coccidioides immitis, coccidioidomycosis, fine needle aspiration, open lung biopsy
A Huaringa. Coccidioidomycosis In A Cancer Hospital. The Internet Journal of Pulmonary Medicine. 2008 Volume 11 Number 2.
Coccidioidomycosis is a multisystemic fungal disease caused by the soil fungus
The mainstays of diagnosis are direct smear, culture and serologic testing 2 . Other diagnostic tests include the conversion of skin test reactivity to coccidioidin or spherulin. Immunodiffusion assay (IgM antibodies in acute infection), complement fixation test, which detects IGg (>1:32 suggest dissemination) 16 , bronchoscopy with transbronchial biopsy 17 , fine needle aspiration 1819 , and open lung biopsy. Newer tests such as ELISA, PCR, and DNA probe are yet to be validated 13 . Spherules (4-40microns) containing endospores are necessary to obtain definitive diagnosis. They could be seen in KOH stains of infected material or biopsy specimen. It is noteworthy to mention that cultures are dangerous, because mycelial forms are highly infectious, even for laboratory personnel 123 .
The treatment is medical or surgical. The medical treatment consists in Fluconazole or Itraconazole 20212223 . Amphotericin B may be administered initially in high-risk patients 2425 . New lipid complexing formulations of amphotericin B 26 , and newer classes of antifungal drugs and immunotherapy 27 , are under study. The surgical management has established indications 2 .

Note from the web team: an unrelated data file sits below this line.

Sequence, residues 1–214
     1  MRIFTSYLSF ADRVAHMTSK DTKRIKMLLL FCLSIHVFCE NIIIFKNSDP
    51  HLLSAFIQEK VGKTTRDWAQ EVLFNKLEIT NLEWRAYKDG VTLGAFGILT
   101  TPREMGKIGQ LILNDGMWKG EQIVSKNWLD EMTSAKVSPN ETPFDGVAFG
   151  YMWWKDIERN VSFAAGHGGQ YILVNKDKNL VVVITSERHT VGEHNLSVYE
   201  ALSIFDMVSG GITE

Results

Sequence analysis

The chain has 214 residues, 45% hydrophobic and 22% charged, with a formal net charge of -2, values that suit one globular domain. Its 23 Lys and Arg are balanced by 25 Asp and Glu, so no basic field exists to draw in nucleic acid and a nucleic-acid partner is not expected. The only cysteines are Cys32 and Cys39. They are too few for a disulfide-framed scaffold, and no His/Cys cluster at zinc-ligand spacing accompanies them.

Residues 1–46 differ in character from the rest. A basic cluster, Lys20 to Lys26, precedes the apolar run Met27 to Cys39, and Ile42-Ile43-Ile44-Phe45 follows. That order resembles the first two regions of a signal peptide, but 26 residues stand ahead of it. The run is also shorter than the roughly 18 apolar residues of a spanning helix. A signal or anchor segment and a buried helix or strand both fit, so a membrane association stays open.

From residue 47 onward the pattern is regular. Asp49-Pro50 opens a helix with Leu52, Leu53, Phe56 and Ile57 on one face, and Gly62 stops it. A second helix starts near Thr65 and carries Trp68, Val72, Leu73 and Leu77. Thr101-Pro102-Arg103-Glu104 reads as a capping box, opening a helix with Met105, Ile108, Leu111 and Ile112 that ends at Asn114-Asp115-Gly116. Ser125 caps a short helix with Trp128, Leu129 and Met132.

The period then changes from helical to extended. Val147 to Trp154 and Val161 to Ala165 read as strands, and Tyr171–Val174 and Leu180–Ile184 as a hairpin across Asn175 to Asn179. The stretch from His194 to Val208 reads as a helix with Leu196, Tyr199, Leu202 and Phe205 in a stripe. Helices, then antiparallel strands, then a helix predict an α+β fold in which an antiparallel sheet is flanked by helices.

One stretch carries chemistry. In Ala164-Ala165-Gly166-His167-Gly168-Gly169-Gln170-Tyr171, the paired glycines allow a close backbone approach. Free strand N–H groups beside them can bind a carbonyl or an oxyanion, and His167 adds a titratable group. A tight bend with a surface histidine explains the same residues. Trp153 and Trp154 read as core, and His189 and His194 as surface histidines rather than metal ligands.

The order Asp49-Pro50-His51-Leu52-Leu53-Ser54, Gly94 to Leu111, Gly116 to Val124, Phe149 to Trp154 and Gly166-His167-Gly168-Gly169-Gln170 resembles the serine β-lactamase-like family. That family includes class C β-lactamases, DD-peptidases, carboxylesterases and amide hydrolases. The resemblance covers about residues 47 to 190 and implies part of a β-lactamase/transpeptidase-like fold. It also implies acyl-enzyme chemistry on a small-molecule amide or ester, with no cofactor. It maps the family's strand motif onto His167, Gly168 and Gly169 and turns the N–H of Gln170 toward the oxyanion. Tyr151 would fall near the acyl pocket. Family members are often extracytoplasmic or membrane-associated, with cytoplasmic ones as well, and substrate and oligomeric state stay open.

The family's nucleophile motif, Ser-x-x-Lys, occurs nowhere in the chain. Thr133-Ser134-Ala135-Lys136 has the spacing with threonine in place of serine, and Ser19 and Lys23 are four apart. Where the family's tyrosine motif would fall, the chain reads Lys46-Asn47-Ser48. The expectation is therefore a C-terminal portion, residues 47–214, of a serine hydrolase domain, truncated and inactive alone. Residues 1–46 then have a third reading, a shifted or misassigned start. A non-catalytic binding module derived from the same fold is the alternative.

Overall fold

Material And Methods
We reviewed the computerized records of the University of Texas M.D. Anderson Cancer Center from January 1956 to December 1994, and obtain the number of 45 patients in whom suspicion for pulmonary coccidioidomycosis was made. Thirty-nine of these 45 cases had medical records available for review, and from this group only 20 had definite diagnosis of coccidioidomycosis. Three of these patients were followed up, since they were referred to our Pulmonary Clinic.
Information collected from the patient’s medical record included epidemiological and clinical data, diagnostic procedures, radiologic patterns, response to treatment, and outcome. All of our patients were transferred to our Institution with the suspicious of cancer and ended up having coccidioidomycosis; consequently none of our patients had previous chemotherapy or an undergoing hematological malignancy that would put them in the immunosupressed category.
Nineteen out of the 39 cases had differential diagnosis other than coccidioidomycosis: Cancer: 3 patients, Granuloma (based on chest-X ray): 12 patients, Granuloma (based on biopsy): 2 patients, Tuberculosis Granuloma (Tuberculoma): 2 patients.
Twenty patients had definite diagnosis of pulmonary coccidioidomycosis. Fifteen were men and 5 women. We obtained data regarding ethnic origin: 14 of these patients were Caucasian, 1 African-American and 5 Hispanic. Four had significant cigarette smoking habit (Table 1).
The most common clinical presentation was the asymptomatic patient with an abnormal chest-X ray and occurred in 15 of the 20 patients (75%). Only 5 patients (25%) complained of the following symptoms: 2 patients experience chest pain, 1 had cough, 1 had dyspnea, and 1 referred weight loss (Table2).